During the tail-end of the SNES' life in Japan, there were a number of Japanese RPGs which weren't picked up for localization for one reason or another. Some games, such as Star Ocean, were due to the complex and pricey cartridge add-ons that were required to play the game, while others were passed on simply because the market at the time could not sustain new franchises with the next-gen systems approaching soon on the horizon. One of my favorites, Seiken Densetsu 3 (which would have been known as Secret of Mana 2 internationally), was one of the games affected by these circumstances.
In early 2000, a talented team of fan translation hackers were able to provide gamers outside of Japan with an English (and later French and German) translation of the game which for the time was the most sophisticated hack of its type as the team had to modify the inner workings of the code to properly translate it. This was also around the same time Super NES emulators became popular and widespread, leading to numerous other previously Japan-only fan translations including games such as Tales of Phantasia.
What made Seiken Densetsu 3 (SD3) so memorable wasn't just one factor, but a number of factors. The first noticeable aspect of the game was its impressive graphics and music. Utilizing a more richer sound bank than most games of its time, it was able to tie this in with graphics which utilized a number of different artistic tricks to move the RPG genre away from its blocky tile-based past and into the style of graphics most known for in the later PlayStation era of JRPGs. This combination was most evident in the pre-game opening that played when the game started up which lasted almost three minutes, a huge shift from the static "music with game logo" title screens that were commonplace for the genre at the time.
The story and gameplay were also markedly above its predecessor, Secret of Mana. Unlike the original which had the hero join together with two other pre-determined characters for the remainder of the game, SD3 allowed the player to pick their three heroes from total set of nine which ranged from berserkers, healers, mages and even thieves. While the game only allowed for three "main" story lines depending on who you picked, this system still allowed for players to make the game as easy or as hard as they wished (i.e. picking two magic users and only one physical attacker).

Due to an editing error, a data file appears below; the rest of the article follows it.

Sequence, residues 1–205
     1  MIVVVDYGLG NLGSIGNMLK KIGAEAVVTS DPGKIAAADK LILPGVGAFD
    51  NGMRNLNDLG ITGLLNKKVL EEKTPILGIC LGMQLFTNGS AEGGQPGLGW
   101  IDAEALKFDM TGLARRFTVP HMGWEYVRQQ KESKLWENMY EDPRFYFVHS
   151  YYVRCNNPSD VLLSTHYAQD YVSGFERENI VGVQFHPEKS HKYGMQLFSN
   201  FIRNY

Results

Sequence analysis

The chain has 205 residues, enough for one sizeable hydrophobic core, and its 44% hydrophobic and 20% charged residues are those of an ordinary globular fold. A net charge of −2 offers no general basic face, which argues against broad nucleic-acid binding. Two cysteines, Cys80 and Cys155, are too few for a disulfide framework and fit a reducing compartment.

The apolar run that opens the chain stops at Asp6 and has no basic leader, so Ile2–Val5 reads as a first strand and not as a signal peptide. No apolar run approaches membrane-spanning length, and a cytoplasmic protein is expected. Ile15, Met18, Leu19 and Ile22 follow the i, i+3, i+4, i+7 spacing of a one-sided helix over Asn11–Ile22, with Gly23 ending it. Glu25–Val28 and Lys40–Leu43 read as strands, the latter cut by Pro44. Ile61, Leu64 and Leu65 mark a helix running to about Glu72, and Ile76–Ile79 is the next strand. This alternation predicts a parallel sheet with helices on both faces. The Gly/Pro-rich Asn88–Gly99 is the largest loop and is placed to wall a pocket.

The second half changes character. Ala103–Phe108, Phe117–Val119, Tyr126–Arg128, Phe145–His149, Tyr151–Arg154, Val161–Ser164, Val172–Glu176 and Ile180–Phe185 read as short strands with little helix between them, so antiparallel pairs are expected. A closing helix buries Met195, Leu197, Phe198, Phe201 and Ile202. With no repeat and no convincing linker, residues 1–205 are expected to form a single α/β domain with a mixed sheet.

As for the gameplay, it also featured numerous enhancements over its predecessor. Players now had the ability to store items instead of the original's four-of-a-kind limit. The weapon charge system was also modified so each attack would store energy into a combo gauge which could be utilized once filled on command for a more powerful attack. A new class and leveling system was also introduced which allowed players to branch off into either a "light" or "dark" class given that they met specific pre-conditions. Each class has its own unique spells and special attacks which lent an incredibly amount of replay value even when playing the same group of characters over again as this allowed for multiple different team combinations. Lastly, SD3 introduced a new day/night system which allowed for different status effects (such as Fire spells being more powerful on a certain day) and for monsters and NPCs to show up at different times depending on when you entered the area.
While some aspects of the game are somewhat dated in this day and age, Seiken Densetsu 3 is still one of the best games on the Super NES of its genre and still holds up well for a game originally created over 15 years ago. If you enjoy Japanese RPGs you'll be sure to love this memorable classic.